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By cupiscent
#88
JMack wrote:Who really is they? Is there an international body? A set of non-obligatory “rules” with the weight of tradition? I understand each worldcon is responsible. So, are there actually any rules?
"They" is the World Science Fiction Society, which has a set of rules. The society has a "business meeting" at every worldcon, which conducts the business of the society, including any rule changes. But this is where things get a bit arcane. The society was set up so that any change to the rules needs to be voted on at two successive meetings - so it takes two years at least to change anything. (This is part of why it took a few years to deal with the Puppy problem.) My understanding is that it was set up this way because the groups of (American) fans who came together to form the society didn't want any one group to be able to get too much power or control. There's some irony there, I guess.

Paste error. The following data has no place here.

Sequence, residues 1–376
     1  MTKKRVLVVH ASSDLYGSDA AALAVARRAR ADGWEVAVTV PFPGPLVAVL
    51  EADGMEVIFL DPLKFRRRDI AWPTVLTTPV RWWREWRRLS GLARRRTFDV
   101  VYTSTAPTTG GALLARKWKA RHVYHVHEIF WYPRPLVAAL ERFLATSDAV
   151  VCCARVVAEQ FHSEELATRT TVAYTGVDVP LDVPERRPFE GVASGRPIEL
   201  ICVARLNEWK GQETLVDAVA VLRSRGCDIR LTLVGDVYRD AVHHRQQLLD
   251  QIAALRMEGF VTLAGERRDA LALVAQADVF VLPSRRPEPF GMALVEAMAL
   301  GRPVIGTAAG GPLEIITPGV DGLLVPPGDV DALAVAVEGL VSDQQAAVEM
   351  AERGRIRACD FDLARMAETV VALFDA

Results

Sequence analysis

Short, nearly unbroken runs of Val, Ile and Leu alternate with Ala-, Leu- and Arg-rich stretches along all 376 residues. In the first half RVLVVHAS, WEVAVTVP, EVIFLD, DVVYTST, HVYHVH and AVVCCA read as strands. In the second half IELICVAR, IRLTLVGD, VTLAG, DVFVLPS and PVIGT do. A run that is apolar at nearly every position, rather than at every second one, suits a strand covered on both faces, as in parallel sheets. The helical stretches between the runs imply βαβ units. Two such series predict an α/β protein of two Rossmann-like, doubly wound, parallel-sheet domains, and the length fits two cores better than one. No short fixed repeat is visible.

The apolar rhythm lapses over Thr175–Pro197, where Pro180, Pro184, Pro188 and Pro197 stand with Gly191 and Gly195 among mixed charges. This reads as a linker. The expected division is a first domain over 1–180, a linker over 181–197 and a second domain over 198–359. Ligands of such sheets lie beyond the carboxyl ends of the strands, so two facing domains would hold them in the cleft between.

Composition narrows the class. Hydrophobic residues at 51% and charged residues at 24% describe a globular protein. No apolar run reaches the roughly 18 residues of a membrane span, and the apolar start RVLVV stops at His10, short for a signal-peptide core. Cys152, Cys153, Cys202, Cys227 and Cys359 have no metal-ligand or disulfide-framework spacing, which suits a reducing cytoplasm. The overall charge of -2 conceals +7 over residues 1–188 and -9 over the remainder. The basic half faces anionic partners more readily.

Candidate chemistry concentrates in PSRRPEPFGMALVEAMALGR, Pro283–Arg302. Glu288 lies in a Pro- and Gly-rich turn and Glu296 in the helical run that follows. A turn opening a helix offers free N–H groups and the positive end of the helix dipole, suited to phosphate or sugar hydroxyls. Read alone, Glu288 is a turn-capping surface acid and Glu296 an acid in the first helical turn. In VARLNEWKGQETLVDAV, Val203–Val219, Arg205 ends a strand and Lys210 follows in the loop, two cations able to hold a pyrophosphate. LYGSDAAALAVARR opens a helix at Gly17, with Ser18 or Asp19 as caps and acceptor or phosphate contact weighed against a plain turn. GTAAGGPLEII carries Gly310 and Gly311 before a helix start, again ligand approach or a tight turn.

That's the mechanism, though, so there's a lot of discussion going on at the moment as to what changes or rules might prevent something like this from happening again... and I have to say, there aren't really any strong solutions. I've seen people suggesting that it should be mandated that an independent third-party organisation is contracted to run / tally the awards, but that seems to me like it's just going to make things more expensive and convoluted, and therefore make it even more difficult to host a worldcon.
JMack liked this
By Elfy
#95
I think some of it is driven by a scramble for relevance. There are so many awards for so many things, not just SFF books, now, that things tend to get lost. I think this drive the increase in awaradable categories and maybe it also had something to do with the controversial choice of host. The Hugo’s have, imo, struggled for identity of late, and all these things are now coming to a head. And more transparency around the criteria for nomination and voting wouldn’t go astray. I used to follow the award closely, but I pay it scant attention now, admittedly I had read most of the nominees for best book last year, but that was more by accident than intent.